Untapped Talent Pool: Can Gaza Help Its Professional Footballers Develop Their Craft?

© AP Photo / KEVIN FRAYERPalestinian riot police officers stand guard at the side of the field next to players during the annual Gaza Cup football match at the Palestine Football Stadium in Gaza City, Sunday, August 1, 2004
Palestinian riot police officers stand guard at the side of the field next to players during the annual Gaza Cup football match at the Palestine Football Stadium  in Gaza City, Sunday, August 1, 2004 - Sputnik International, 1920, 17.02.2022
Aside from the total blockade, in place in the region since 2007, hampering their movement, football clubs lack the necessary funds to stay afloat. So, they often rely on donations from the Palestinian Authority, as well as regional and international grants.
Emad Hashim, a 43-year-old football coach from the club Shabab Jabalia in the Gaza Strip, has been training Palestinian youths for 20 years and he says his current team contains many stars that have the potential to launch an international career.

Hope for a Better Future

"Most boys in Gaza play football on the streets. Only a few, the talented ones, join teams to improve their skills".
Shabab Jabalia, established in 1994, currently has 26 players, aged 19 to 24.
The young men come to the club from all possible backgrounds and Hashim says the sport enables them to put their political, religious, and other differences aside.
"Here at the stadium they clear all their thoughts. They know that they come here with one goal only - the desire to win and maintain their position among other teams in the Gaza Strip".

A Far-Off Dream

This approach has yielded results and Shabab Jabalia has won many local competitions, snagging a host of medals. But participation in regional or international championships still remains a far-off dream.
Since 2007, the Gaza Strip, home to more than two million people, has been under a full Israeli blockade that was imposed to protect the Jewish state from Hamas, an Islamic group deemed a terrorist organisation by Israel.
As part of that blockade, Israeli authorities enacted restrictive measures on Gaza: they clamped down on locals leaving the enclave, narrowed the fishing zone for them, and limited the materials and products that could enter the Strip. But sporting activities have never been under restriction.
Over the years, Israel has denied entry permits to many Gazan players, citing security concerns, and that often meant teams could not participate in competitions in the West Bank. Nor could they travel to other destinations to take part in regional and international tournaments.
"I hope that one day the situation will improve. Our players need to improve their skills by exchanging experiences with other players outside of Gaza, so the opening of crossings is essential", reasoned the coach.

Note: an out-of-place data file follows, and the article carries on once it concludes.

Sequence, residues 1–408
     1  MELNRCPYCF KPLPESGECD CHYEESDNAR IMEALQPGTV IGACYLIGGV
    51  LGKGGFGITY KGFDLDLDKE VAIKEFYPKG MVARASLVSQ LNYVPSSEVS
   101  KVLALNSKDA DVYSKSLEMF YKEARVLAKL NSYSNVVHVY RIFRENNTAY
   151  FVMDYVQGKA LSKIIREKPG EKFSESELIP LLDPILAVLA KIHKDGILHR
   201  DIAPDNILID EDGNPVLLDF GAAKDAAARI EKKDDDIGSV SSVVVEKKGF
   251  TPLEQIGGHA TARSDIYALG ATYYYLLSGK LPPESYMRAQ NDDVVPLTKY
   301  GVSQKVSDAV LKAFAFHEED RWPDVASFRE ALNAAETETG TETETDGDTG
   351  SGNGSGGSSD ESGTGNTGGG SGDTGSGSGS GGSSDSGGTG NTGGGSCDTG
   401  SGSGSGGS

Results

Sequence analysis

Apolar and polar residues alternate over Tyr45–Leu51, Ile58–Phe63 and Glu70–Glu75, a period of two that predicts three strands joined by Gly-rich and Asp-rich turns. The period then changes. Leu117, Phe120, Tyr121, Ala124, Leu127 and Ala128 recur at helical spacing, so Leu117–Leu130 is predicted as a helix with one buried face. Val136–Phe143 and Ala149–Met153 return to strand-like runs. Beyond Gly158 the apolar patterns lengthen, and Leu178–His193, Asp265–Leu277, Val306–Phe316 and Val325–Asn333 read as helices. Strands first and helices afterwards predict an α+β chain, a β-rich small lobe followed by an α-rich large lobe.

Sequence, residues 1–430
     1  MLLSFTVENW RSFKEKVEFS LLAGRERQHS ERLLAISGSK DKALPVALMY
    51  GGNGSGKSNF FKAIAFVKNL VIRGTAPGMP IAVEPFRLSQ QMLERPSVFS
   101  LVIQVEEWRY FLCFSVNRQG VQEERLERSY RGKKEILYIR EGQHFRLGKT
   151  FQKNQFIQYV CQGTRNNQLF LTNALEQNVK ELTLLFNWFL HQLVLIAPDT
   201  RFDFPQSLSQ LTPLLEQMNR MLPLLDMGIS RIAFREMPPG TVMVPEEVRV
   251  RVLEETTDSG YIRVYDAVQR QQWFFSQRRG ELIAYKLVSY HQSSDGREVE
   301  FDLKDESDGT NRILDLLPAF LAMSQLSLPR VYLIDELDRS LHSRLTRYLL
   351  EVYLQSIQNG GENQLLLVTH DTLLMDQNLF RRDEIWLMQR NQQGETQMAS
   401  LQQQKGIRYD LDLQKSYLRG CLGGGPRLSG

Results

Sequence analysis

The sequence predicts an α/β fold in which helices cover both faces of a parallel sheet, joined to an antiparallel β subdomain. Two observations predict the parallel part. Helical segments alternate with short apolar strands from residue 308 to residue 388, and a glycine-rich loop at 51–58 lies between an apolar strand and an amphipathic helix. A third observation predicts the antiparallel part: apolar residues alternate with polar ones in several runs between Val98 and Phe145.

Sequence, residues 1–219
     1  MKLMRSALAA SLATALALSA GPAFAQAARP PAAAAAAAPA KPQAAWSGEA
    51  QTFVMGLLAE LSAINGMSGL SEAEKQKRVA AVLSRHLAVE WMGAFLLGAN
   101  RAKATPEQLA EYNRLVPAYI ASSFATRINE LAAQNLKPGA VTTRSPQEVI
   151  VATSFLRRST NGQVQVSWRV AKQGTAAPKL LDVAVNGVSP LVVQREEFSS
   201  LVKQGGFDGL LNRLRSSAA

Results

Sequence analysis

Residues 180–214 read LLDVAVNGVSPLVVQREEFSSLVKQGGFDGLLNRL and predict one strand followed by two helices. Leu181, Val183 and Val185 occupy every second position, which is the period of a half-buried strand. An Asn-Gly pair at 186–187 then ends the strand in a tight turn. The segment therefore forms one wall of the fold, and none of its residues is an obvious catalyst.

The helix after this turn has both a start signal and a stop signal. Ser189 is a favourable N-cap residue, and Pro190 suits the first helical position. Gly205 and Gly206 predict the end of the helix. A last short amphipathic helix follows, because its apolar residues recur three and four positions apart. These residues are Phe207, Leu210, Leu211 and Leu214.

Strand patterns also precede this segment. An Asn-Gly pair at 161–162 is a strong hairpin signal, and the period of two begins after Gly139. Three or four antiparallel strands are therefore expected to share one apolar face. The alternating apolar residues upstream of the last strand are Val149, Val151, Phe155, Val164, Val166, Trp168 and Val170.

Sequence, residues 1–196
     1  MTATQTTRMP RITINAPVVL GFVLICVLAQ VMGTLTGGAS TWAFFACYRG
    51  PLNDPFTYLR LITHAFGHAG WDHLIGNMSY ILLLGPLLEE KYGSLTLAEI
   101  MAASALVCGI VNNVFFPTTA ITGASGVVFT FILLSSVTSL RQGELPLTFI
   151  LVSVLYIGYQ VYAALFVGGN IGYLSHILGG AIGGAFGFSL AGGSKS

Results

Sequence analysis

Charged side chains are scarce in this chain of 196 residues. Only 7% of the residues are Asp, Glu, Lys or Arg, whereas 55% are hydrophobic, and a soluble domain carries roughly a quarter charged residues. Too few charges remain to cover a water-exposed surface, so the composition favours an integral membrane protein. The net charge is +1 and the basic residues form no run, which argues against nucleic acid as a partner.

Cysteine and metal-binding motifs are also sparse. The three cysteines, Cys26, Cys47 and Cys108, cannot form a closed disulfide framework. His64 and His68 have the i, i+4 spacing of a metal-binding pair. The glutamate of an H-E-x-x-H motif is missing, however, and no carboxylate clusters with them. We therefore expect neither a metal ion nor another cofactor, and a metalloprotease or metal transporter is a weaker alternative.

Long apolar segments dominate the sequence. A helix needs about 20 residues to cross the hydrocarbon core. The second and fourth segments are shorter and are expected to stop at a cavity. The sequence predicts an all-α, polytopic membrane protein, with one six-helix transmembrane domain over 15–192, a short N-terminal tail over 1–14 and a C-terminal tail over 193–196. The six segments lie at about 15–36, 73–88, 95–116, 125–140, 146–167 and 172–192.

Yet, freedom of movement is not Gaza football's only problem. The coronavirus pandemic has also wrought havoc. With the outbreak of the virus in March 2020, local authorities closed all public institutions and private businesses. To curb the spread of COVID-19 they also banned mass gatherings, shut down gyms, and prohibited collective training sessions.
"We stopped training for two years because of COVID-19. It has negatively impacted our players. Some of them gained weight. Others decided to give up on their careers and take odd jobs to keep themselves afloat".

Depleted Funds

Gazan players earn anywhere from between $150 to $300 a month. But the continuous lockdowns prevented from them from obtaining those funds, and the result was that many were pushed into unemployment and subsequent poverty.
Hashim says that Hamas, which has been running the enclave, did not have the necessary funds to support sports in the Strip, primarily because their priorities lay elsewhere.
And this is why local sports have always been looking for other sources of income.
"Unfortunately, resources are limited in the Gaza Strip. We often get donations from local businessmen that keep us afloat", said the coach.
"But that is not enough so we take money from the National Palestinian Union of Sports [based in Ramallah - ed.], international grants, and Arab donors like Qatar. However, nothing in this business is permanent or continuous", he added.
Discussing the future of football in the region, Hashim sees many hardships and obstacles ahead, but he remains optimistic and committed to raising a new generation of Gazan footballers.
"It is great to train them and plant good thoughts inside these kids. They are like small trees that need water to grow. They need care and attention and once they have it, they will be able to grow and develop".
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